What is a Garage Door Seal?
A secure garage means more than just a closed door. Garage seals are one way to further protect your home and property.
Garage door seals, also known as weather-stripping or astragal, are found along the four sides of your garage door.
Closing the gap between the ground and your door is important because it ensures that your garage remains free of pests and is protected against rain, wind, and snow. A proper fitting bottom seal also keeps cold air and moisture from entering through gaps around the door, which may help lower energy costs.
Keep reading to learn more about the different types of bottom seals, and how each type is specifically designed to protect the interior of your garage.
Types of Garage Door Seals
Garage door seals come in several types, but they all serve one common goal: keeping your garage safe and secure. Here are some of the most common types of garage door seals.
A bottom seal is one of the more commonly known weather seals because it comes installed on the bottom of every new garage door.
Since the floor of your garage may not be exactly even from one side to the other, the bottom seal helps keep the door flush with the ground by sealing any gap that exists when the door is closed. This seal is prone to warping and shrinking when it’s consistently exposed to moisture and temperature changes, so it’s important to keep an eye out for signs of any wear and tear.
The appropriate type of bottom seal for your garage door is determined by the channel it slides into. The professionals at Precision Garage Door Service can help you choose an appropriate seal based on the type of garage door you have.
Here are some of the most common bottom seals:
Named for the T-shape that is formed at the top of the stripping, T-shape seals are flexible enough to fill any gaps at the bottom of your garage door when it’s closed. This helps keep pests, moisture, and any debris from entering the interior of your garage.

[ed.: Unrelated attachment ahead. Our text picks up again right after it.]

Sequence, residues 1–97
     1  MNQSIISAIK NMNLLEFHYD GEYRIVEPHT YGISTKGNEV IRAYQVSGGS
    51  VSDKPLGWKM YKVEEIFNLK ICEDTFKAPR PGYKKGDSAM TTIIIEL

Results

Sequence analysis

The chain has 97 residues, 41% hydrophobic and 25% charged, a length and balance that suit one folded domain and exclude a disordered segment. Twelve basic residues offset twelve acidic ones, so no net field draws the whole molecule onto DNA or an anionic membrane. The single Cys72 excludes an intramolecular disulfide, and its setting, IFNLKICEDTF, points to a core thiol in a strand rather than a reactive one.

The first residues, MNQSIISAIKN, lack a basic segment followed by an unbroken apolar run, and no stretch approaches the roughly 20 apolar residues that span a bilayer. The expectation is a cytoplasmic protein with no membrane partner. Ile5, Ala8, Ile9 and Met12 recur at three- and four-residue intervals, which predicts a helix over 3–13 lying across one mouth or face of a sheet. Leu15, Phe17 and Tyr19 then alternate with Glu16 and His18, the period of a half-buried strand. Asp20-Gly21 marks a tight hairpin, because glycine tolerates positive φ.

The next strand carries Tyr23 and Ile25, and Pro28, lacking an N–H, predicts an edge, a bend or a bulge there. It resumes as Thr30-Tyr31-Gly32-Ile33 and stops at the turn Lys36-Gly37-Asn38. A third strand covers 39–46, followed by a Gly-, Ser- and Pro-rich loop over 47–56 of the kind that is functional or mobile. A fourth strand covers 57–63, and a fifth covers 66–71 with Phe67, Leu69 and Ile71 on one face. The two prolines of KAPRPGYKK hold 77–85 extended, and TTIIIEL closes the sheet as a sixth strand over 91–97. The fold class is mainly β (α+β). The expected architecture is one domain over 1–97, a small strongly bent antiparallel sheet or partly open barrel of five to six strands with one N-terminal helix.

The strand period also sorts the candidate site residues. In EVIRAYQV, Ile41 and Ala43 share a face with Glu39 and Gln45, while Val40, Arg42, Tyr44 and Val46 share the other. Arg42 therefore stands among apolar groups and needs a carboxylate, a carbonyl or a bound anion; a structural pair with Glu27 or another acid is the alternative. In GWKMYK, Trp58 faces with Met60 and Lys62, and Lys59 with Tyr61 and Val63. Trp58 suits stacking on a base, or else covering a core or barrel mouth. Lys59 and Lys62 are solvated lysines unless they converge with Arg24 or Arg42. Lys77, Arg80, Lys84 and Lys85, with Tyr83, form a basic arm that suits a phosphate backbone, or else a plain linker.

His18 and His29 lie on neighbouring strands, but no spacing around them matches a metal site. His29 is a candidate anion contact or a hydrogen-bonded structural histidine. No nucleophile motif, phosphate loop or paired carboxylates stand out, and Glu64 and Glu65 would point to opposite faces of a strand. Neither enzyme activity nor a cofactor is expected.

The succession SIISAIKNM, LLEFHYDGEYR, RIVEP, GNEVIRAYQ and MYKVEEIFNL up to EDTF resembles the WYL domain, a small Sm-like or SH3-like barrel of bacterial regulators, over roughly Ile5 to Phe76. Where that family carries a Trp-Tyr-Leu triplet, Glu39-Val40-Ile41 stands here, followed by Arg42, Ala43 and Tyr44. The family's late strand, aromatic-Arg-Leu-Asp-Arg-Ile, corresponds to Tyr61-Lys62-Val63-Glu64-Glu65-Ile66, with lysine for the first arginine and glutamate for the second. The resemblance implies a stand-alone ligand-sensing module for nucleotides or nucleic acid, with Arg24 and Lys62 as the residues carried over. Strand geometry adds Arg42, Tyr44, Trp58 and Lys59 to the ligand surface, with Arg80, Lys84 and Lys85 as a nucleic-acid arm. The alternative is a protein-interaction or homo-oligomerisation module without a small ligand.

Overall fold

Named for the rounded-shape that is formed at the top of the seal, the small circles on bulb seals help block air and debris from entering your garage. Similar to the T-shape seal, the bulb seal is flexible enough to seal any gap that exists because of an uneven floor when the door is closed.
The P-shape seal, which is closed at the top, attaches to the frame of the garage door to create an airtight seal when your door closes. The P at the top of the seal provides further insulation by creating a tighter seal. This type of seal is ideal for doors that are constantly exposed to wind and precipitation.
The triple contact seal has a bulb-shaped top and provides extra insulation by sealing in three separate places when your frame and garage door meet. This added point of contact provides excellent protection against outside elements.
Brush seals are usually found on commercial garage doors such as sheet doors or rolling steel doors. They have thousands of bristles that are available in light, standard, and heavy-duty options. Brush seals help reduce outside noise when the door is closed. They also do a good job of keeping dust and fumes from entering the garage.
A threshold seal adheres to the floor directly beneath where the garage door meets the surface. Constructed out of hard rubber, threshold seals come with a unique peak design that acts as a barrier to water and debris. A threshold seal is best used with a new bottom seal.
Count on Precision to Replace Your Garage Door Seal
The seal on the bottom of your garage door is easy to overlook, until you start dealing with insects, moisture, and other debris entering your garage. If the bottom seal on your garage door is cracked or creating a noticeable gap, it’s time to have it replaced. And if you’ve noticed that the other seals around the perimeter of your door are starting to buckle and separate from your door, consider replacing all your seals at once.
Need a garage door seal replacement? Contact one of our garage door experts at (877) 301-7474, or find the Precision Garage Door Service technician nearest you.